• Boston News Media Lobby for Government Takeover of Parochial Schools

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    The
    Boston News Media relentlessly lobby for more government spending,
    more taxes, more government authority, and more government control.
    They also advance their egalitarian social agenda. They have a sizable
    ability to influence attitudes, elections, and government policy.

    There's
    one large sphere of influence in Massachusetts that opposes the
    Boston News Media, at least on some issues: the Catholic Church.
    We should not be surprised that the Boston Globe and other
    media outlets in the state are exploiting the priest scandal to
    de-legitimize the Catholic Church.

    In
    the wake of the scandal, the Catholic Church has been forced to
    close parishes, and now parochial schools are on the ropes.

    Coverage
    of the Catholic Church's failure to report and rein in abusive priests
    is certainly warranted. A call for justice for Catholic families
    was long overdue.

    But
    the Boston News Media's continual negative coverage of the Catholic
    Church is more than news reporting; it is lobbying and editorializing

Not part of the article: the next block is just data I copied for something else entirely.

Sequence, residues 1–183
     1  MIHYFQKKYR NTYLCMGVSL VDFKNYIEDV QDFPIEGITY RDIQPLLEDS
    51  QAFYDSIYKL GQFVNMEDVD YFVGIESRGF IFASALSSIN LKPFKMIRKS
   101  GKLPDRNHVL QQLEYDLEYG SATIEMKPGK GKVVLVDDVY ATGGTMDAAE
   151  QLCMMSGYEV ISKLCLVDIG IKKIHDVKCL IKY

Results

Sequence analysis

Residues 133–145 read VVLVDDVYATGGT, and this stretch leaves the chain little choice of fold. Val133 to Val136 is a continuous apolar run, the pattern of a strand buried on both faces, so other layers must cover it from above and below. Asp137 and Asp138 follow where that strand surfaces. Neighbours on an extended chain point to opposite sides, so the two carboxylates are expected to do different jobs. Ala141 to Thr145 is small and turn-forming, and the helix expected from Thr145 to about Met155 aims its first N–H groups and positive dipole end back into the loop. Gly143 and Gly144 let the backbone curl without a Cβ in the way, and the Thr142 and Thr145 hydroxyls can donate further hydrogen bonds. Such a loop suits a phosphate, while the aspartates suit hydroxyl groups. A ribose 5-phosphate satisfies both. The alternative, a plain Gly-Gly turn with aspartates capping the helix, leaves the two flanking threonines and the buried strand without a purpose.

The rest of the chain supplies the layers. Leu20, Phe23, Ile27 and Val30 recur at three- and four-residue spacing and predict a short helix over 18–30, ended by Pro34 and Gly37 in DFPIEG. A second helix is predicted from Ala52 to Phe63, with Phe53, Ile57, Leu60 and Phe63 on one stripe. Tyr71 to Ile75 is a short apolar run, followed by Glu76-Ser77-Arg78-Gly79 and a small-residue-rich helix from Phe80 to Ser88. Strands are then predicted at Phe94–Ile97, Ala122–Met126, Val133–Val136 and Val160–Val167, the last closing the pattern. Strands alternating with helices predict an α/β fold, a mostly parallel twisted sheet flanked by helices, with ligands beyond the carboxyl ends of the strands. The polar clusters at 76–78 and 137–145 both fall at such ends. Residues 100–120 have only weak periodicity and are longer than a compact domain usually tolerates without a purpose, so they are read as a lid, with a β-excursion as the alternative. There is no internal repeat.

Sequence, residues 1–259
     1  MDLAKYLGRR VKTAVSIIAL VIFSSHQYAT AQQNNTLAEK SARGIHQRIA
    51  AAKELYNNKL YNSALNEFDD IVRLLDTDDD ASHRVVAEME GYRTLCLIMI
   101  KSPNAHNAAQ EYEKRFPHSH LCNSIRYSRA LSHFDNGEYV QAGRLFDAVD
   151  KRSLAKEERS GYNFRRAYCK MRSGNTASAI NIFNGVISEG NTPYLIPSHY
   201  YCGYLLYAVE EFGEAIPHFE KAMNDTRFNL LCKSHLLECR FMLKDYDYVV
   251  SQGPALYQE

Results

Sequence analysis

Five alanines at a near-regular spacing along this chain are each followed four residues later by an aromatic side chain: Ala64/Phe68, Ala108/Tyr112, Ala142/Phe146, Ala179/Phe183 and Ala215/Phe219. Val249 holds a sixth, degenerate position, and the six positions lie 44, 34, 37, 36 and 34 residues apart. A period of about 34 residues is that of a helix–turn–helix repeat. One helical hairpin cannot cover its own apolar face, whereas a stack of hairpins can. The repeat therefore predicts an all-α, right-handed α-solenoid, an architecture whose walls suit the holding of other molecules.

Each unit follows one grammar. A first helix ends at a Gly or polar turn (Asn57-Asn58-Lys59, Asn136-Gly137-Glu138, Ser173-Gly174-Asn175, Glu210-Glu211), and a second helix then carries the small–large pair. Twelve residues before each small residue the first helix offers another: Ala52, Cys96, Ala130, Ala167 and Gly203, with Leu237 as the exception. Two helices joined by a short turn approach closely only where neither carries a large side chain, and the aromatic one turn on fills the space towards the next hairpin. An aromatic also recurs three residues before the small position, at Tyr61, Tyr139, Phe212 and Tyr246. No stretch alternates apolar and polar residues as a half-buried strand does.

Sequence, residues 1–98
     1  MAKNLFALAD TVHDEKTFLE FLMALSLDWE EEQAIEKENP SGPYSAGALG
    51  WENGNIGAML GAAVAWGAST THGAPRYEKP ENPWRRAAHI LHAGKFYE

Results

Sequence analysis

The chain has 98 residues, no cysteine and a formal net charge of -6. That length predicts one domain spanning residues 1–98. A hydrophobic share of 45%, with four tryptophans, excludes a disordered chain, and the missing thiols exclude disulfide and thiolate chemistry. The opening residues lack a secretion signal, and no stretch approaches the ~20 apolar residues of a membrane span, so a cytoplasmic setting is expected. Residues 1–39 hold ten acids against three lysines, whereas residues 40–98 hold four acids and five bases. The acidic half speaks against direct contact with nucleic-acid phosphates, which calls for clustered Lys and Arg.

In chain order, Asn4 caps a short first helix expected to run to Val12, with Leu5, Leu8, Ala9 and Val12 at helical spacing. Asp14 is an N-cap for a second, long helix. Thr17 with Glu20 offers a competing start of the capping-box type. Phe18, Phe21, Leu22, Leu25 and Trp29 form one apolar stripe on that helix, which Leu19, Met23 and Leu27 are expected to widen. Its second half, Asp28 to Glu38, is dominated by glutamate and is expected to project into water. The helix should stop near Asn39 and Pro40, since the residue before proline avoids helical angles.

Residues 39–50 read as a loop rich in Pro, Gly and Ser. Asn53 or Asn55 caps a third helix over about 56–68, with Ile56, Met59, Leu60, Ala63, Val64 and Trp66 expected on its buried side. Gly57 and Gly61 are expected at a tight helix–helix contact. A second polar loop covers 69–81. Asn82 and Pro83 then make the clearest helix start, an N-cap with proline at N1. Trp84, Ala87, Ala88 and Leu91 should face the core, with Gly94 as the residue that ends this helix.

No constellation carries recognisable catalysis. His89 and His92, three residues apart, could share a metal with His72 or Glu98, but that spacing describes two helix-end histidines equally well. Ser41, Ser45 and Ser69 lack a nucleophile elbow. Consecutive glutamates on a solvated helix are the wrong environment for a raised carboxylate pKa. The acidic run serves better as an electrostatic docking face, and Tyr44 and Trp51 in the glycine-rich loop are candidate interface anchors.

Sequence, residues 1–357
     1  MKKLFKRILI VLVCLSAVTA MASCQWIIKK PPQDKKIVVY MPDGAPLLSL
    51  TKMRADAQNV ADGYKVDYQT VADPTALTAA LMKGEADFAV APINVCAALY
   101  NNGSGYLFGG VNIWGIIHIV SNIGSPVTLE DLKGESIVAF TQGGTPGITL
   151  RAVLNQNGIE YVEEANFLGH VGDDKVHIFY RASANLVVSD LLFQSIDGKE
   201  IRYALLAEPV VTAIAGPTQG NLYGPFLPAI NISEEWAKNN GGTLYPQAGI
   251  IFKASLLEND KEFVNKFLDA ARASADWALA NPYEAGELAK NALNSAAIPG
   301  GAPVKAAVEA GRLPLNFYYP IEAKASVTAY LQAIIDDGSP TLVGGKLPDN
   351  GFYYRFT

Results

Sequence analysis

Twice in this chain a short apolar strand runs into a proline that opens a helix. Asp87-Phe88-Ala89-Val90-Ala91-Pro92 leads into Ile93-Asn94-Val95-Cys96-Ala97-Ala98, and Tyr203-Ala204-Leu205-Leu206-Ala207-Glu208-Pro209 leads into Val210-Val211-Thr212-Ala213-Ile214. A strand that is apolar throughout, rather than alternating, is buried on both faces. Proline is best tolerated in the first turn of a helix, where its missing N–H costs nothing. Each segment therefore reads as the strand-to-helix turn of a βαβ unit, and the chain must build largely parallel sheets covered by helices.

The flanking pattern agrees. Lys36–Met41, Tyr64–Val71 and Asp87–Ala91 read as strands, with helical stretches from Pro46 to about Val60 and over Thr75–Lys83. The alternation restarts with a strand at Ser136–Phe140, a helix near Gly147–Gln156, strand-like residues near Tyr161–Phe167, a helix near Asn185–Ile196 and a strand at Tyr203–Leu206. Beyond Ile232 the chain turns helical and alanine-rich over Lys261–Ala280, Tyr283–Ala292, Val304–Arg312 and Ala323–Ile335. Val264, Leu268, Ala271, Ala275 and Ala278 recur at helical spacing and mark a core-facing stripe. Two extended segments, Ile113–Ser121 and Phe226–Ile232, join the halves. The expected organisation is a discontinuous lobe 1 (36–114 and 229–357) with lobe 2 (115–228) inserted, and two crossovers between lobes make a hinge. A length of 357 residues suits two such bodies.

disguised as news. This is particularly evident when compared with
    their constant puffing of their prized Big Government Programs —
    public schools among them.

    The
    coup de grce came this month when they reported that Boston politicians
    are working to buy up closing parochial schools with taxpayer dollars.

    The
    Boston Globe said, “City Council President Michael Flaherty
    wants the city to consider buying cash-strapped and underenrolled
    parochial schools that may be closed, hoping it will edge Boston
    closer to neighborhood schools and allow the district to dismantle
    its decades-old busing policy.”

    Rather
    than debunk such a lame excuse for buying up parochial schools,
    this news story ignores the obvious: the City of Boston can end
    its disgraced busing legacy by simply letting kids enroll in the
    existing schools nearest to their homes.

    In
    this quote, the Boston Globe refuses to point out the city
    councilor's hypocrisy: “Flaherty…asked the archdiocese in October
    to give Boston the u2018right of first refusal' before selling any more
    closed schools. [Flaherty] also said the church should consider
    selling to the city at a reduced price.”

    Boston
    government bureaucrats regularly pay their union pals two to three
    times competitive market labor rates to build public schools. Yet
    they want the Church to hand over its schools for pennies on the
    dollar.

    The
    Boston Globe further refuses to acknowledge the veiled threat
    in this quote from the city councilor: “u2018What I tell the archdiocese
    is that we need a partner here, and we’d like your help,' Flaherty
    said. u2018I’m sure the archdiocese would benefit from some good will.'”

    This
    is Tony Soprano Politics: Sell us your schools at fire sale prices
    or we'll burn you out. We'll continue to vigorously prosecute and
    defame the church.

    The
    “Partnership for a Big Government Boston” — the Boston city government
    and Boston News Media — is threatening to destroy its major competitor.